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distance between IPAP and EPAP

PostPosted: Wed Oct 29, 2003 10:44 am
by sleepnerd
Hello everyone,

I would like some feedback re: the distance to keep IPAP and EPAP. Thinking it through, it makes sense to only increase EPAP to keep the airway open (for OA only) and to increase IPAP for everything else, such as OH and snoring. I have seen a text that recommends keeping them no more than 4 cm apart however (Principles of Polysomnography by Will Spriggs) and have been taught both ways. What do you think and please explain why? Is it true that some machines automatically increase EPAP when the difference is greater than 4 cm?

Thanks a bunch!

PostPosted: Wed Oct 29, 2003 4:34 pm
by SCNVsleep
I prefer to keep them no LESS than 4 cm apart and try not to go much more than 7 cm apart.

As far as machines go. I am only familiar with units that default to CPAP if you try to increase EPAP higher than IPAP. I am unaware of any that do not allow for more than 4 cm differential.

PostPosted: Thu Oct 30, 2003 2:35 am
by RayMeece
I hvae found that 3-4cm apart is most comfortable. I have gone as high as 7cm apart. But I do follow the protocol that if I see OSA, increase EPAP, for hypopneas, and desats, increase IPAP. This almost always gives a comfortable separation. And I don't know of any machine that requires a certain separation, just that EPAP can never be higher than IPAP.

PostPosted: Thu Oct 30, 2003 3:50 am
by stars
From RESMED manual /NPPV IN SLEEP LAB/ :shock:
Basic set up for titration patient with OSA,HYPERCAPNIA,OVERLAP Syndroim
IPAP -8 cm
EPAP 4 cm
set up Ipap max (60:rr:2)
Set up S/T mode
Set up RR 4-6 lower as patients spontaneous rate
Leave rise time at list 150ms.
Titration for patient with Neuromuscular,lung,Chest wall Disorder
Same,but if patient finds flow of air from machine uncomfortable
a/call to much pressure change rise time >150- but <400
b/patient breathing rapidly"air hungry/
rise time decrease to min as possible
Also for some of group of patient with SEVERE COPD and post poly patient level from IPAP to EPAP maybe more as 7-8 cm different.
NB To Raymeece You not return answer to my mail to you. :?: :?: :shock:

PostPosted: Wed Nov 05, 2003 7:23 pm
by sleep101
I think the "4 cmH2O" rule is mainly used in Respiratory. Some people think this is the rule for sleep, but really, whatever it takes to eliminate the problem is what should be used.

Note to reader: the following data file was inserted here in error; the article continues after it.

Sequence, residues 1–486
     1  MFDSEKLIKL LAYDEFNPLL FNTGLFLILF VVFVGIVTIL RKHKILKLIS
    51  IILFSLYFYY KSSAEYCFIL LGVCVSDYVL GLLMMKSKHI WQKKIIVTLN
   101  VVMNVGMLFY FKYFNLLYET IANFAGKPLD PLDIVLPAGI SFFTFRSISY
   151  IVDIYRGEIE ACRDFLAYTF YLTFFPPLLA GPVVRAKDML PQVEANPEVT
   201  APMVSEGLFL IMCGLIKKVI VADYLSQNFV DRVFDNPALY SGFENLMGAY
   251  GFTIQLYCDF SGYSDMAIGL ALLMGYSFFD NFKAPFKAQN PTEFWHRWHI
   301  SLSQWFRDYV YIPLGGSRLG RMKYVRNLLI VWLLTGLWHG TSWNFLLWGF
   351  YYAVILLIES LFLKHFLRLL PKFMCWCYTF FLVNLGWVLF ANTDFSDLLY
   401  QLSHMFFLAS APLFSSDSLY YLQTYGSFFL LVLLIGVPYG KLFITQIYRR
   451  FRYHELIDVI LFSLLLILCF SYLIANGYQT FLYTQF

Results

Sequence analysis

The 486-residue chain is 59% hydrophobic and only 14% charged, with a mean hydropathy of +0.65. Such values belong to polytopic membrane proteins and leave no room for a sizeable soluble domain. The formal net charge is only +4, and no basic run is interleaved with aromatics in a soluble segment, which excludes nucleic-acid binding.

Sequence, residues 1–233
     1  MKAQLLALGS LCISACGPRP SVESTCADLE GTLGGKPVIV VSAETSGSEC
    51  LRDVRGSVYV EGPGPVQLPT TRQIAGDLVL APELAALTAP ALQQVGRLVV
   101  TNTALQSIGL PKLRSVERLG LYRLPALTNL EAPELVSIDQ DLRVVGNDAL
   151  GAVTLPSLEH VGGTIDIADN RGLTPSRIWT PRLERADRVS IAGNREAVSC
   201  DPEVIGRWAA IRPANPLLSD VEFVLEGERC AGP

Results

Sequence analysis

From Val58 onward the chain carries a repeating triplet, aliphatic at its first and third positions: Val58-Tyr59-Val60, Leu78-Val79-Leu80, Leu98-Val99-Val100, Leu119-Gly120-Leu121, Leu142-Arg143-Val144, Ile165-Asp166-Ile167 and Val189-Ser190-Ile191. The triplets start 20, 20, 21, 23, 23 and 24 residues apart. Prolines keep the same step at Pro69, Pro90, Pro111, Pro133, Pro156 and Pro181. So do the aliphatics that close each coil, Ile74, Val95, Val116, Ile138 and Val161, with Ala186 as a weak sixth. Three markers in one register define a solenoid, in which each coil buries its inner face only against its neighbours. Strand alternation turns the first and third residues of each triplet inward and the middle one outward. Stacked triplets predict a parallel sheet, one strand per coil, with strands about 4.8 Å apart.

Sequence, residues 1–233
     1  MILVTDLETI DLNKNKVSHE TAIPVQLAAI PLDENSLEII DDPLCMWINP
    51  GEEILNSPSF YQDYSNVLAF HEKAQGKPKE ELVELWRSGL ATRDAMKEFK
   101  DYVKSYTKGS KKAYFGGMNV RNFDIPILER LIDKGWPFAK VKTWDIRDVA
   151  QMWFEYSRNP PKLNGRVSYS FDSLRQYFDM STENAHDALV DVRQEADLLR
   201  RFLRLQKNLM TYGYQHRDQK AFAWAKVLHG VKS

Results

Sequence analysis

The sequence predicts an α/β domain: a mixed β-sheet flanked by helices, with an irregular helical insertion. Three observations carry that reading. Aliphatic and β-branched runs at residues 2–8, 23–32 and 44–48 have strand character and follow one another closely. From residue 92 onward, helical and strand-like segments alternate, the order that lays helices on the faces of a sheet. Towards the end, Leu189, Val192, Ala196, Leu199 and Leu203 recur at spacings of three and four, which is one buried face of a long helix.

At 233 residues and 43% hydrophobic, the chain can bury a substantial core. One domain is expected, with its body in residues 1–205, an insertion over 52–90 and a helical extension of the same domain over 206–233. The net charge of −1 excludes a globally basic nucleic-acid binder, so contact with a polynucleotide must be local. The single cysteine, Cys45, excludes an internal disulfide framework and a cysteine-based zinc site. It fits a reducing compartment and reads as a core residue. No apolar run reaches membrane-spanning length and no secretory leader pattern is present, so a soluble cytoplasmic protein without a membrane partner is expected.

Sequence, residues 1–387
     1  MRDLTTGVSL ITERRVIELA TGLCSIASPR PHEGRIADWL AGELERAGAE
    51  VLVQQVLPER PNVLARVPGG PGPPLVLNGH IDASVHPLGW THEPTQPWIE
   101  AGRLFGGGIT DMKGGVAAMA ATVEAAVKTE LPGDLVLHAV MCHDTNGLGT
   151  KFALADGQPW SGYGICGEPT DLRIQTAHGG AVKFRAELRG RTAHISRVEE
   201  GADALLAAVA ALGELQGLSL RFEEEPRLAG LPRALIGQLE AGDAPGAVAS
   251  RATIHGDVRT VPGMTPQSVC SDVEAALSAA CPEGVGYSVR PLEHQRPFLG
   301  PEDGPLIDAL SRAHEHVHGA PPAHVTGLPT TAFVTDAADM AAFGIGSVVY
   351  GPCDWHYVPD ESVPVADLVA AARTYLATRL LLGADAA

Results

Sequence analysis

IPAP/EPAP relationship

PostPosted: Thu Nov 06, 2003 8:15 pm
by Ted the Sleep Guy
Keep in mind when you are using Bilevel pressures you are no longer simply stabilizing the airway. You are now actively enganged in ventilation. The difference between IPAP and EPAP represents the level of pressure support you are using for ventilation. In other words the difference in pressues is inversely proportional to the level of ventilation and the PaCO2. Therefore, if you are using more than 4 cm difference, the PaCO2 will fall. If you are beginning to see central events think about hyperventilation as a consequence of your IPAP-EPAP. A difference of 4 cm is not law. My opinion is that if you need more than a 6 cm differential, you should be monitoring end tidal CO2 as well. It is just safe practice.


PostPosted: Thu Nov 06, 2003 9:48 pm
by Ted the Sleep Guy
I would like to ammend my previous reply. Any bilevel use with a pressure differential greater than 3 cm should be accompanied by end tidal CO2 measurement. RCPs use bilevel ventilation in the ICUs and have the luxury of a variety of cardiopulmonary monitoring systems. This ranges from bedside ABGs to Swan Ganz measurements. To use the same bilevel modality, without at least some measurement of PACO2 is negligent. This modality should only be used by those thoroughly versed in the cardiopulmonary sciences.

Re: IPAP/EPAP relationship

PostPosted: Thu Nov 06, 2003 10:52 pm
by SCNVsleep
Ted the Sleep Guy wrote:Keep in mind when you are using Bilevel pressures you are no longer simply stabilizing the airway. You are now actively enganged in ventilation.

I disagree. Simple bilevel is not ventilation. When you add a back up rate, THEN you start getting in support ventilation.